When Amazon exploded onto the internet 25 years ago, it all but created the ecommerce sector as we know it today. Consumers loved it, and sellers finally had a professional place to peddle their wares.
This was the age of the consumer. Their desire for choice, convenience and value was cemented by the online marketplace – Amazon and others – in a way that the traditional high street never quite managed. For a while, everybody seemed to be a winner.
Customers got good-value products delivered to their door. The marketplace had a seemingly endless queue of sellers – big and small – waiting to list their products. And sellers had a professional platform and access to more customers than ever before.
Everyone’s a winner. Or were they?
Customers still seem pretty happy, if the Amazon customer numbers are anything to go by. Amazon is still pretty happy, with £9.2 billion in profits in 2018 alone. But what about the sellers?
A quick Google search for “how happy are Amazon sellers?” shows nine out of the top 10 results are complaints about selling on Amazon. Online behemoths have massive amounts of customer data – so much so that they can make a market, not just follow it. But the story of online marketplace sellers is largely ignored.
Most online marketplaces compete with their own sellers. There is nothing inherently wrong with this practice. Ecommerce was built on the principles of free markets – low barriers to entry for sellers, consumers free to make their own choices – to let the market decide. But as the ecommerce sector has grown, so the principles it was based on have been muddied.
It has long been an “open secret” in the ecommerce industry that some marketplaces go further than straight competition. They use their huge data pile to source the most popular products, strike deals with suppliers, and favour their own products in search results, even if they are more expensive.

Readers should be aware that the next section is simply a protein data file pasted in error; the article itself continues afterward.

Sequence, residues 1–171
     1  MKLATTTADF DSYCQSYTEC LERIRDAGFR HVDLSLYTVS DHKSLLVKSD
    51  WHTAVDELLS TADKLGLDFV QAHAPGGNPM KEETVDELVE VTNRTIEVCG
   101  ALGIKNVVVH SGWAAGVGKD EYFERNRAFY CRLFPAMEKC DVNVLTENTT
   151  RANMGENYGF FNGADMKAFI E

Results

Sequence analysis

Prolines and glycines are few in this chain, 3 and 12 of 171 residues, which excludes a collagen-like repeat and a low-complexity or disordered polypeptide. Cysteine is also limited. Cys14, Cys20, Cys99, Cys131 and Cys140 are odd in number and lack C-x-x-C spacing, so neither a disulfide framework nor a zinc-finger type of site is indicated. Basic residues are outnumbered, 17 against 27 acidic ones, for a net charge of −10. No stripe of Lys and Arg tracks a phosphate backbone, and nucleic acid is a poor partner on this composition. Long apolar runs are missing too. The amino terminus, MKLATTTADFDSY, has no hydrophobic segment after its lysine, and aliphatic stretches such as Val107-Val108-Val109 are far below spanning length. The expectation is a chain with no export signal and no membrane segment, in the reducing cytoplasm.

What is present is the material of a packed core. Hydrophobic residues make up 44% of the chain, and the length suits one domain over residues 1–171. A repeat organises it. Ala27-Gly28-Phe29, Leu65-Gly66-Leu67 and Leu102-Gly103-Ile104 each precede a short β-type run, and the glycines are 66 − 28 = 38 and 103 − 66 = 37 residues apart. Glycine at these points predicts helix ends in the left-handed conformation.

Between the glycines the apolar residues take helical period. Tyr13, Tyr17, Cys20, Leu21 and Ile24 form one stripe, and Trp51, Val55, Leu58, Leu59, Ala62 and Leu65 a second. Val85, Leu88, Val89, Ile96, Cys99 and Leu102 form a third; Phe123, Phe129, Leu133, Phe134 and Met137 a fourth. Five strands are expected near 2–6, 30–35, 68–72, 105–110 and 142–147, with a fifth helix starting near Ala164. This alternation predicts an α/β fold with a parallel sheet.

In the end, sellers unfairly miss out on sales, and consumers get less choice, and higher costs. The market is dominant, but no longer free.
The EU recently announced that it is investigating allegations that Amazon misuses sensitive data from the sellers that use Amazon Marketplace, so they seem to be in on the “open secret” too.
This has been happening for a while now, and those who sell their products through online marketplaces, rather than direct to consumers, are feeling the squeeze. Sellers have already been known to take extreme measures to try to counteract these sorts of tactics.
These range from the understandable to the indefensible, but I suspect customers that use online marketplaces would be shocked at the lengths that some sellers have to go to get their products seen by them and sold to them, and that the ones they eventually buy are not always the best value.
For many sellers, listing their products on these marketplaces forms a big chunk of their income, particularly small, niche businesses. Even big brands have started making moves to hedge against these tactics. The short-term rewards of marketplace selling can be outweighed by the risk of long-term single market sales that are overly reliant on one platform. Brands can lose foothold, real estate and brand awareness.
But for sellers that I talk to, these tactics are really starting to hurt. The marketplace takes commission from their sales, and at the same time tries to steal their sales to build up market domination that takes consumers away from sellers’ other routes to market. It doesn’t take an industry insider to see who comes off worst in this equation.
However, ecommerce sellers have more choices now than ever before. They can put up with the status quo, making less but still generating a living. But they could diversify, and use other platforms, including their own, to sell their products.
Some major brands have started keeping certain products off marketplaces to protect their sales data. Or they could, like low-level employees at Amazon have been doing, “vote with their feet” and pull their products from the platform altogether, calling for changes to their agreements.
In short, both consumers and sellers hold the power – through their own data, through the media, and through collective action, to drive meaningful change.
With so much influence on a market bottom line, sellers can finally put themselves in the driving seat. They can choose to stop being the squeezed middleman on the ecommerce juggernaut and finally start to get their fair share.
Cas Paton is the CEO and Founder of OnBuy